War, romance, sleep, death


Earlier

Bear liked mustard, he liked mustard on his german dogs, brautwurst with sauerkraut. Not mild mustard, hot hot mustard, mustard that lets you know you are a man. When we were falling in love, it was like living in the trenches, like Hitler and Mussolini and bombs going off all round us. Really exciting, but crazy wrong.

Bear was rich, rich in ideology, rich in actual money. He sold cars to the Germans, he sold honey to the British, he sold watches to the Italians. The Swiss and the French he sold reservations to rest resorts in foreign lands far away from the bombing. The English and French had bad nerves and loss, lots of loss. Bear was half English, he liked to say, an aunt named Bessie, an uncle who lived in Inverness (Scots, I know, but Bear did not make that distinction).

We met while I was shopping between raids, between bombings, in a period of artificial peace. I was buying a leather handbag, and thinking about having my initials monogrammed on it. The shopkeeper was kind and attentive, and I would hardly have noticed the pause when Bear walked in, if it hadn’t been wartime. In wartime the little hairs on our arms stand up, tiny antennas reading fear, reading danger. Bear brought danger into the room. Danger and heat, and I admit to being young. I bought the handbag and left without the monogram. Bear followed me out and bought me a coffee on the sidewalk where the umbrellas had been brought out in the fall sunlight in an act of shocking optimism. The end of this war, the beginning of another.

This little village had some damage, some churches and banks that were shells. Every night, we covered the windows, and inside each flat, each small cottage, the stories were short and cheerful, to put the children to sleep. Short, to get as much sleep as possible before the sirens woke us. Cheerful, to convince us that tonight, as least, there would be none. I believe Bear slept heavily and well, all through the war.

Later

The train was slow in stopping. She stood in the steam and the fog. The brakes screamed, the babies waved their little hands. Cccchhhhh. Ccchhhh. Stop. Her ankles are aswirl with smoke, she stands and waits and watches. Getting off the train. Polish grandmothers, Swiss nannies. Soldiers, flirting and giving cigarettes to Swiss nannies.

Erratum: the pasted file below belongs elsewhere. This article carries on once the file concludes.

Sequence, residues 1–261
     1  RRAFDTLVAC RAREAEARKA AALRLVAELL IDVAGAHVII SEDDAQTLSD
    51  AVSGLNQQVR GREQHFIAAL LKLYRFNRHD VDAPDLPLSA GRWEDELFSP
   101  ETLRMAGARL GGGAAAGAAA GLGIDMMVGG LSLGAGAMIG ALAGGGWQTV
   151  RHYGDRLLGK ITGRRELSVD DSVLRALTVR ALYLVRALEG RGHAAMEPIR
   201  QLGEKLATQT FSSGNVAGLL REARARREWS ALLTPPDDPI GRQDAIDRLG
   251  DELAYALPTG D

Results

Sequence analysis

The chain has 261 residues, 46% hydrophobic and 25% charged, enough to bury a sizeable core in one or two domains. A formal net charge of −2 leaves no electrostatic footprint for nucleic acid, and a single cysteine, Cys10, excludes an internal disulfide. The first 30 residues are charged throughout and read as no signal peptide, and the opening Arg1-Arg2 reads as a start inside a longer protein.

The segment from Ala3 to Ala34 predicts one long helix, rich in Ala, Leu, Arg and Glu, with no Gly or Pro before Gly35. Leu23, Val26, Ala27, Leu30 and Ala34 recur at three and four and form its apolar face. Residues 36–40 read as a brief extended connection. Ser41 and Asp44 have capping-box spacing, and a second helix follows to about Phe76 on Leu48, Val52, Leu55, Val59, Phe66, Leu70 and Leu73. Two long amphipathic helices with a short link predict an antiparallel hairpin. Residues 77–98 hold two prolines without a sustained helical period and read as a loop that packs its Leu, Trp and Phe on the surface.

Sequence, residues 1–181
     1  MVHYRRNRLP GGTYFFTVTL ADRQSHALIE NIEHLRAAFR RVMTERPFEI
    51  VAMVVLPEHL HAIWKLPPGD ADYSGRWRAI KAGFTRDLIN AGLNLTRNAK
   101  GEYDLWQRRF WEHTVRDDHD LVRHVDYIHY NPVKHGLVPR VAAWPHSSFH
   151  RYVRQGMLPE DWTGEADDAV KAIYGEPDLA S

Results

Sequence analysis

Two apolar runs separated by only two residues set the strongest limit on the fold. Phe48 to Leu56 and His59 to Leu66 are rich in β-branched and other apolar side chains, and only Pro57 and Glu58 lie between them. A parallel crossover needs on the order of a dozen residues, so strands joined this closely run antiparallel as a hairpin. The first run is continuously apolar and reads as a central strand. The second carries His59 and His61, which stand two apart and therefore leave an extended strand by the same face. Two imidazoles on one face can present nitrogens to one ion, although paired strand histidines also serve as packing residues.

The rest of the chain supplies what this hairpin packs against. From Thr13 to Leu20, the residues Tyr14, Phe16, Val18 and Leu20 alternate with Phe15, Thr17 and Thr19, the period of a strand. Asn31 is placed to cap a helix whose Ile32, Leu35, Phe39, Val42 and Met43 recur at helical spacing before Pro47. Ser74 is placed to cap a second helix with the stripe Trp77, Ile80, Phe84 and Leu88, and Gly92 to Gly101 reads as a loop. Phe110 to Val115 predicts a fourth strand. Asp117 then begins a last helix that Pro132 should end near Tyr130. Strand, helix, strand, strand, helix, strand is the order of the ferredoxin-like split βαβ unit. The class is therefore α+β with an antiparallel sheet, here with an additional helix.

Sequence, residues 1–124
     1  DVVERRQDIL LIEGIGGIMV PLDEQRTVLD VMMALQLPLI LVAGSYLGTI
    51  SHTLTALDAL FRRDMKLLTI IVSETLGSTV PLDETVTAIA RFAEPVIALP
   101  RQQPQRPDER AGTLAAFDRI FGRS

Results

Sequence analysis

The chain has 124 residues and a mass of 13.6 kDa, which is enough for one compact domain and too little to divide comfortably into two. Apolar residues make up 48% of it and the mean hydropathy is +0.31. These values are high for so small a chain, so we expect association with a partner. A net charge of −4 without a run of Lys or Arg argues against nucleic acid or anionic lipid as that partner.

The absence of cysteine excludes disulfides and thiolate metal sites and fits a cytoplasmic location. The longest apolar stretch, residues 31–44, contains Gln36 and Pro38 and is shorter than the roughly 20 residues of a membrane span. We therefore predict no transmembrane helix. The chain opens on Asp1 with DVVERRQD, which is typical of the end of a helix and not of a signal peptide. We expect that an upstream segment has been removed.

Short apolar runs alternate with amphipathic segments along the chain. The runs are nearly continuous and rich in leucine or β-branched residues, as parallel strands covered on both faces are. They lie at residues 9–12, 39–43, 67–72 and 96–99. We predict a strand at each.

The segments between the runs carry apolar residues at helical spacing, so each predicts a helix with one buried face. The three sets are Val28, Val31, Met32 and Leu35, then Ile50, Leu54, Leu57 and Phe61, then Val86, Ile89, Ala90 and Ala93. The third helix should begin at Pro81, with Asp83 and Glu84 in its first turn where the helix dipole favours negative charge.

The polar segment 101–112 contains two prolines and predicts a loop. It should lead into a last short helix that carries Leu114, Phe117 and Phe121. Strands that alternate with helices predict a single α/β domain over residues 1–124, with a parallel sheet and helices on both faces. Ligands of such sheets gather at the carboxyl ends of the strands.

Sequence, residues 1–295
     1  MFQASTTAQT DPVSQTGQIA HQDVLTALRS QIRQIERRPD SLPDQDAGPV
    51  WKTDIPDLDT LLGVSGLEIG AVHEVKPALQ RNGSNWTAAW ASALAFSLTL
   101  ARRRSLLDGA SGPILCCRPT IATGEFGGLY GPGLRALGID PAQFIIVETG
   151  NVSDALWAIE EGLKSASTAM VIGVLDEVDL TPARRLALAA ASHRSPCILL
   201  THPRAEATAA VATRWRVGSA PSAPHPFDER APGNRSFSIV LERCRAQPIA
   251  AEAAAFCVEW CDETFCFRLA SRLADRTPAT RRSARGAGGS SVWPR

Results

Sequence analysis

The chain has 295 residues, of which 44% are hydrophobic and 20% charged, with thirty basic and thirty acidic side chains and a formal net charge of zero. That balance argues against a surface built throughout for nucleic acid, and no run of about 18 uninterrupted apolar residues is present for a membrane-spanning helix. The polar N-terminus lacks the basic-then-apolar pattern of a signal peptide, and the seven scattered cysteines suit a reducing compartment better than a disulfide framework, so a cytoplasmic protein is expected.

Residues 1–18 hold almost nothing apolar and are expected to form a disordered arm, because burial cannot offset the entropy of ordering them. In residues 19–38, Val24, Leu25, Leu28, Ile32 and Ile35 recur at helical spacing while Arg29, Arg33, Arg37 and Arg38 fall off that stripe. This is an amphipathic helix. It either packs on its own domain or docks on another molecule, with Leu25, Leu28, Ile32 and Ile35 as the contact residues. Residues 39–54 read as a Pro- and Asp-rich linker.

How many times will I call myself back through my bones? she wonders. My bones, the bones of memory, even when I am old and will have learned how to take some and leave some. Some memory. Every night, I see them again. There I am. Me, in my blue eye liner. Dressed as someone other than myself. Taken out of myself, by soldiers, and bombs and my missing child.

In May, when the weather is warming, what woman, what mother, can imagine the loss of a child, the whole in the ground where an entire building filled with hundreds of lives had been just moments before. Ana will sing in a low voice to the men who killed her child. She will hold them one by one against her body. And each one, before he dies, will see two things distinctly on her face. First, her grief. Second, his own death. And so she goes from gardener and mother to siren and chanteuse and killer.

This is a simple poem. Biblical, even. Ana has gone back to the basics: vengeance, rage and power. Tonight they are drinking at a club, brightly lit, with windows covered. The room is heavy with smoke. Smoke is swirling around her; she looks at him. She leans forward, he looks at her, at her blue eye shadow. She holds up her cigarette. He leans in to light it for her. She looks up and their eyes meet. For a moment he feels lost, something is wrong. She smiles, he smiles back, and the moment drifts away.

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2 Responses to “War, romance, sleep, death”


  1. 1 Tek September 16, 2008 at 9:48 am

    “gone back to the basics: vengeance, rage and power”
    very evocative

  2. 2 Teresa September 16, 2008 at 4:02 pm

    Thanks, Tek — it keeps coming up. My characters are rattling their cages at me – they all want out. I believe my book is coming together, at least the “basics”. Maybe I finally know what I want to write about.


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